Find Out The Creepy Information Facebook Learns About You Every Time You Upload A Photo

Many of us regularly upload photos to Facebook and think nothing of it. But every time you do, you're not just sharing a moment from your life with friends and family, or ruining future career prospects with scenes of drunken debauchery. You're also giving Facebook a wealth of information it can profile you with and which it can use to further help companies target you with ads.

Now a new Chrome extension lets you see exactly what Facebook's computer vision algorithms can learn from a photo. The plugin, called Show Facebook Computer Vision Tags and built by developer Adam Geitgey, shows what images Facebook automatically detects in the photos you upload and lets you see exactly what tags Facebook applies to not only yours but your friends' photos too.

"Since April 2016, Facebook has been automatically adding alt tags to images you upload that are populated with keywords representing the content of your images. They are labeling your images using a Deep ConvNet built by Facebook's FAIR team." says the app.

It can identify the number of people in a photo, whether they're sitting or standing, whether they have a beard, if they're smiling, and whether the image was taken indoors or outdoors. Of course it doesn't always get it right. An image taken indoors which featured festive wreaths was mistakenly labelled as outdoors, but still.

Geitgey notes that while this has benefits, like aiding blind users who use screen readers which only process text, it also has a creepier side.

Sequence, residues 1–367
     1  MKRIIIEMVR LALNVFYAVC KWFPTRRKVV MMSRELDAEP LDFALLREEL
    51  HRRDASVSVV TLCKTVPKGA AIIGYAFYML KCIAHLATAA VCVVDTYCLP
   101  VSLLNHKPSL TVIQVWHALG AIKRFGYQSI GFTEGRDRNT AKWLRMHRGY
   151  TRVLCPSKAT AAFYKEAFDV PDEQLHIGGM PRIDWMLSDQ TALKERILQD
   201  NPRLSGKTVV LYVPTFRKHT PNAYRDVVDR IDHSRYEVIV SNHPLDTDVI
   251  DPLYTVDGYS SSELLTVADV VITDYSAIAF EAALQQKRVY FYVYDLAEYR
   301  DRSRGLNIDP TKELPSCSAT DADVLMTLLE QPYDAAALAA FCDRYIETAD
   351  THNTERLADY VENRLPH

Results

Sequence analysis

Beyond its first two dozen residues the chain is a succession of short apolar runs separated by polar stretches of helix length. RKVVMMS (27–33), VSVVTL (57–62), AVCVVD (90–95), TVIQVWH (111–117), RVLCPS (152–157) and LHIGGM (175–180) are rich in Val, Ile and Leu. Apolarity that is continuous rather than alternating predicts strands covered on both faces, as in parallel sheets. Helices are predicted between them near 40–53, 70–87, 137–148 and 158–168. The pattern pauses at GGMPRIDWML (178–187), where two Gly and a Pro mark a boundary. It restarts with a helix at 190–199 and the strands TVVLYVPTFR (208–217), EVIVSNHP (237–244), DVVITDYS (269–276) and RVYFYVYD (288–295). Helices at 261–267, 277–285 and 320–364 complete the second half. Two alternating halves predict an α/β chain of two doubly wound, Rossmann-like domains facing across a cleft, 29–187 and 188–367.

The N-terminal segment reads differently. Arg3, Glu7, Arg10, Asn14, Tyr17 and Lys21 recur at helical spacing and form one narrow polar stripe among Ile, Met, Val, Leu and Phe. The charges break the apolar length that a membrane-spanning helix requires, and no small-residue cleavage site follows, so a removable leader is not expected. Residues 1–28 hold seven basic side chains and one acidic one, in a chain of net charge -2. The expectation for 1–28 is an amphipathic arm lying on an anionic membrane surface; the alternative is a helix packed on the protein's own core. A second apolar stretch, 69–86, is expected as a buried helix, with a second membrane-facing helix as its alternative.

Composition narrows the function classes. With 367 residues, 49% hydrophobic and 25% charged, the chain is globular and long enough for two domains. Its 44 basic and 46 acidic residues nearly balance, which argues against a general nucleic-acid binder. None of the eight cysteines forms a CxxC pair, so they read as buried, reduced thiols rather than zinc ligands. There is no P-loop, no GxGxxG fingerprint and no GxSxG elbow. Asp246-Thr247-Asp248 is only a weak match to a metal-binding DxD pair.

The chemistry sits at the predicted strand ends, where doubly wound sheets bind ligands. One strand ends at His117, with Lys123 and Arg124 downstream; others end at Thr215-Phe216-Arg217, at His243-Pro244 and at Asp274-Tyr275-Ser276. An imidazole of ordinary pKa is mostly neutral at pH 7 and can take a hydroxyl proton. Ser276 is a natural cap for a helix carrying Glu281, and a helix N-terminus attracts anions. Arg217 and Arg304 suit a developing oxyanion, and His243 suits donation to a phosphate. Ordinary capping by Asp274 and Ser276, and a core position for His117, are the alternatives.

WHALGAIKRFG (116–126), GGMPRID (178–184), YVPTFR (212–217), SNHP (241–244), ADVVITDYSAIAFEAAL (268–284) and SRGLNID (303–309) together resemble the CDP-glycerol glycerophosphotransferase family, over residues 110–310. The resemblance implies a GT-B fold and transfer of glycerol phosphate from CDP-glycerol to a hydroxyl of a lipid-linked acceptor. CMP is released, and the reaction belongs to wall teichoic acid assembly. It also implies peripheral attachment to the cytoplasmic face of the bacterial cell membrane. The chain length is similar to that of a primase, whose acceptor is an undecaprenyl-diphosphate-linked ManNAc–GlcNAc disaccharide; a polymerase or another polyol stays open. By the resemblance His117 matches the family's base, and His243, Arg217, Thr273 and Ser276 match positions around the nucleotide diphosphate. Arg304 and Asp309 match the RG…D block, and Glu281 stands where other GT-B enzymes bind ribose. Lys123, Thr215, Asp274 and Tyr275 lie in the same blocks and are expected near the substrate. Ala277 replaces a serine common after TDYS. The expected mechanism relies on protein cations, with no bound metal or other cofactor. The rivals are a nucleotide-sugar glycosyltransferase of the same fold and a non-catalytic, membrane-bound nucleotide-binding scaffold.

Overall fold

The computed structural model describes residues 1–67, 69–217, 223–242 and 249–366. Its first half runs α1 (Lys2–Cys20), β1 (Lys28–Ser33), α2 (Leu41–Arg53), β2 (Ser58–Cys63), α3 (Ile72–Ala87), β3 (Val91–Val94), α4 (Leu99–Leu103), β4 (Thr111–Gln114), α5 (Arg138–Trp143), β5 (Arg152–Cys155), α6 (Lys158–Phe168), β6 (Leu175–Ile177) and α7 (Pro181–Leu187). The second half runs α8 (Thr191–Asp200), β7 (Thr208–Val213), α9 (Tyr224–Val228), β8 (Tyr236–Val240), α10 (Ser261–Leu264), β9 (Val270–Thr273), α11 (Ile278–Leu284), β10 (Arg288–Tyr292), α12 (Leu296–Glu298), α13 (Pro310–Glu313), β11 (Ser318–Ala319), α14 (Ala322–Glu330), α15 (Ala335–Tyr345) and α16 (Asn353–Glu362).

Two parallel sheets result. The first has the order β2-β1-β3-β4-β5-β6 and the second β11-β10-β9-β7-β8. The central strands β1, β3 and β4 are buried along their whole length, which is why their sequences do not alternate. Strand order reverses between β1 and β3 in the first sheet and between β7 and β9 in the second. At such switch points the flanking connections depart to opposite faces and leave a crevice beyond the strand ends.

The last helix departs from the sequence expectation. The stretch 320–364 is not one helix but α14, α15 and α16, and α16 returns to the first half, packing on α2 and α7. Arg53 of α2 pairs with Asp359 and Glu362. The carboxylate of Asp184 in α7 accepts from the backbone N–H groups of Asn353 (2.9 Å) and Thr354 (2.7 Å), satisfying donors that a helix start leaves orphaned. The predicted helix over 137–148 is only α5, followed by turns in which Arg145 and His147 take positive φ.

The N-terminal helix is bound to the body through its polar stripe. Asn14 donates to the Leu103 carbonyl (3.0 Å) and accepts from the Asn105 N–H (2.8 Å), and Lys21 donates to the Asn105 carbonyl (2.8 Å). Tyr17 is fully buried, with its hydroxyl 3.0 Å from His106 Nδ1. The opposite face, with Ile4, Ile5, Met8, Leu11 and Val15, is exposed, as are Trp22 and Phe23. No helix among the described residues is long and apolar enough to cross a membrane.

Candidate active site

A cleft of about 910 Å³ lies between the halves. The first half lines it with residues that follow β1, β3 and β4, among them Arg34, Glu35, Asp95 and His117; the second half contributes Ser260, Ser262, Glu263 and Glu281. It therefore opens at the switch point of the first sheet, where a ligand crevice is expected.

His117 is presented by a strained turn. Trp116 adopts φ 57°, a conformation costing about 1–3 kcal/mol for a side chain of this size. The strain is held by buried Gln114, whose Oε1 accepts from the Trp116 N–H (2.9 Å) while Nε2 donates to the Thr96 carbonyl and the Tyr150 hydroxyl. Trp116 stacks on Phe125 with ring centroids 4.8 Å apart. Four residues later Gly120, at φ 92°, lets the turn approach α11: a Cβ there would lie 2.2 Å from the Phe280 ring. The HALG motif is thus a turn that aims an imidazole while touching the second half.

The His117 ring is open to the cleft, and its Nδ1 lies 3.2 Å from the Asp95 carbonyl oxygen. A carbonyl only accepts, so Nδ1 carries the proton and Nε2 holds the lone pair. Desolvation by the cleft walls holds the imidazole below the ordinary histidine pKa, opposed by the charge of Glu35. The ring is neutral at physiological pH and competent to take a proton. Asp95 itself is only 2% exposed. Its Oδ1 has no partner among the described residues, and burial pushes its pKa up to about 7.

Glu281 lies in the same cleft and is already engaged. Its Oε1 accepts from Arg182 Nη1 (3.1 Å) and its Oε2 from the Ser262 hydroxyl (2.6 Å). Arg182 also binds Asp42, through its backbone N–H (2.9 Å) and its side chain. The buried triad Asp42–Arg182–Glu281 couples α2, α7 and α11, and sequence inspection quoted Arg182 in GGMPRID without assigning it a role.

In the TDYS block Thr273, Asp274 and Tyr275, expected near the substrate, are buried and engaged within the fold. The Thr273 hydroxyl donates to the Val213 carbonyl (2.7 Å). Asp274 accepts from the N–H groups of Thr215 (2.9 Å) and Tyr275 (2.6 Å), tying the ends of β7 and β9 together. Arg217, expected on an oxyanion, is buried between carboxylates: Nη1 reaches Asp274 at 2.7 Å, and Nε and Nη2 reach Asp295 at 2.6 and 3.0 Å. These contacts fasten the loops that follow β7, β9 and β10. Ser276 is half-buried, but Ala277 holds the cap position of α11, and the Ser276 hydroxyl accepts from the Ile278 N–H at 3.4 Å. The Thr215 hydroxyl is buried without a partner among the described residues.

Because, as Geitgey points out, Facebook can also detect the types of objects in your photos (camera, golf clubs) along with the activities you might be doing in them (running, climbing, etc), and the events you're attending (baseball game, gig), which it can then use to identify your interests and use or sell to advertisers to target you more accurately.

"The goal [of the project] is simply to make everyone aware of the kind of information that is routinely extracted from your own images today. "explains Geitgey on the project's GitHub page. "This isn't some technology that is 'coming soon', but this is something in wide-spread production use now by every major internet company. There's nothing stopping them from use this information to show you relevant ads just based on photos of you—even if another user uploaded the photo and didn't even directly tag you!"

It's pretty damn creepy. You can check out the kind of tags the extensions displays below and learn more on the project's GitHub page. You can download the extension here.


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